Chilton Company (AKA Chilton Printing Co., Chilton Publishing Co., Chilton Book Co. and Chilton Research Services) is a former publishing company, most famous for its trade magazines, and automotive manuals. It also provided conference and market research services to a wide variety of industries. Chilton grew from a small publisher of a single magazine to a leading publisher of business-to-business magazines, consumer and professional automotive manuals, craft and hobby books, and a large, well-known marketing research company.
In the early years, its flagship magazine was Iron Age. In 1955, Chilton's profit reached $1 million for the first time, of which Iron Age accounted for $750,000. By 1980, Iron Age's revenue and status had declined due to the reduction in the size of the US metalworking manufacturing industry, and Jewelers Circular Keystone captured the position of Chilton's most profitable magazine. While Chilton had leading magazines in several different industries, the Chilton name is most strongly associated with the consumer and professional automotive manuals, which Cengage Learning continues to license or publish.Christine (novel)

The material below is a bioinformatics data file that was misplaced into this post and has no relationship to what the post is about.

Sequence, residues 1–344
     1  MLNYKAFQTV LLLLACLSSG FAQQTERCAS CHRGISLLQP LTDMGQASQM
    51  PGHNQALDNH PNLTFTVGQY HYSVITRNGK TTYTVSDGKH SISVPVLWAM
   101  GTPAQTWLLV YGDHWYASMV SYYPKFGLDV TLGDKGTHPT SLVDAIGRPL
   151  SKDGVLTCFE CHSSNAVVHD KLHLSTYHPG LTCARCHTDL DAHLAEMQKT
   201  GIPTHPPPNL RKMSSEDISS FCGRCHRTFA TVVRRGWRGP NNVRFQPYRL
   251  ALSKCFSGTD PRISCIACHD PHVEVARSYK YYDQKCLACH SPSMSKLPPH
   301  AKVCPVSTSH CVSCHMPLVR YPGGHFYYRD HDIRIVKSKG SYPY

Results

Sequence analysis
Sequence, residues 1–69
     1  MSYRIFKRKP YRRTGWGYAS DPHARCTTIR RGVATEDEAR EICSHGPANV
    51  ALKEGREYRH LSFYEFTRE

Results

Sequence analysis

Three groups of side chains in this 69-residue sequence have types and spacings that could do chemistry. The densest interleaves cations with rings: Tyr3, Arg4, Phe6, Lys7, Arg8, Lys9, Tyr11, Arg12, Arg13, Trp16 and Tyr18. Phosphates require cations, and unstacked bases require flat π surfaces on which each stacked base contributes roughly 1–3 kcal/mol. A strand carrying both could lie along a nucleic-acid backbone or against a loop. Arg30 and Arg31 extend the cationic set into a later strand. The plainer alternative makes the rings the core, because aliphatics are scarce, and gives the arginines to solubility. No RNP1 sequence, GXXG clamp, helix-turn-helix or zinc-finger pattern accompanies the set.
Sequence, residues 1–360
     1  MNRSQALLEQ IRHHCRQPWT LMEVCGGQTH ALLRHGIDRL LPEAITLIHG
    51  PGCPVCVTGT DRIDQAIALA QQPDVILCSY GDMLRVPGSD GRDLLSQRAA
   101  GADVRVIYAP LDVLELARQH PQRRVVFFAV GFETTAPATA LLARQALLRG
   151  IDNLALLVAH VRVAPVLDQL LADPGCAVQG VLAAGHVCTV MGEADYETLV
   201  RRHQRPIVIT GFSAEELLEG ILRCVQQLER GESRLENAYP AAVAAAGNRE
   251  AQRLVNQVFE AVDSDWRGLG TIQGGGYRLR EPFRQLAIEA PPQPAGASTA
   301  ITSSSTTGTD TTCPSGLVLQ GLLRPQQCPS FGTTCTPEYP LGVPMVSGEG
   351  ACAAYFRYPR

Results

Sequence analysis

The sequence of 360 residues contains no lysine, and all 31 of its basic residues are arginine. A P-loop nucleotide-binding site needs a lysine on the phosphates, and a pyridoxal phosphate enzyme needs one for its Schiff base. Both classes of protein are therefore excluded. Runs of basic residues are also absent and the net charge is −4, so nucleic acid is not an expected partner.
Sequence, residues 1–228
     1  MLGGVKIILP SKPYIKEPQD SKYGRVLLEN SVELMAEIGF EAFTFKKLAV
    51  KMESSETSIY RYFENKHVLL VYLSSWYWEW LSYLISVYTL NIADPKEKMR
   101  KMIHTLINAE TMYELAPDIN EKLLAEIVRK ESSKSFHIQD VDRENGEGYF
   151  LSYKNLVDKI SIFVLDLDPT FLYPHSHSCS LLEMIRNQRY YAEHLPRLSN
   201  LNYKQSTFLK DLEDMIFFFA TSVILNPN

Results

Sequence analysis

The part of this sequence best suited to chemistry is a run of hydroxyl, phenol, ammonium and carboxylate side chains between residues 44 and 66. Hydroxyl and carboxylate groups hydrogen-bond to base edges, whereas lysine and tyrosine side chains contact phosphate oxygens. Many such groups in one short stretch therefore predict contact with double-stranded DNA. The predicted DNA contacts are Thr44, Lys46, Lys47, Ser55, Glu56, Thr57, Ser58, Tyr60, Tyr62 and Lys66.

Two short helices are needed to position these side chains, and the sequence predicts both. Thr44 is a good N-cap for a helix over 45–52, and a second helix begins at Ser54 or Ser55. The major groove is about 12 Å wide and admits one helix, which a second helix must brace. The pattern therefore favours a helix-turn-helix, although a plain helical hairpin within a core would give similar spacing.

Christine is a horror novel written by Stephen King, published in 1983. It tells the story of a 1958 Plymouth Fury apparently possessed by supernatural forces. A film adaptation, directed by John Carpenter, was released in the same year; this adaptation starred Keith Gordon, John Stockwell, Alexandra Paul and Harry Dean Stanton. In April 2013, PS Publishing released Christine in a limited 30th Anniversary Edition.Columbia Encyclopedia
The Columbia Encyclopedia is a one-volume encyclopedia produced by Columbia University Press and in the last edition, sold by the Gale Group. First published in 1935, and continuing its relationship with Columbia University, the encyclopedia underwent major revisions in 1950 and 1963; the current edition is the sixth, printed in 2000. It contains over 51,000 articles totaling some 6.5 million words and has also been published in two volumes.
An electronic version of the encyclopedia is available, and the Columbia Encyclopedia is licensed by several different companies for use over the Internet.Contemporary Authors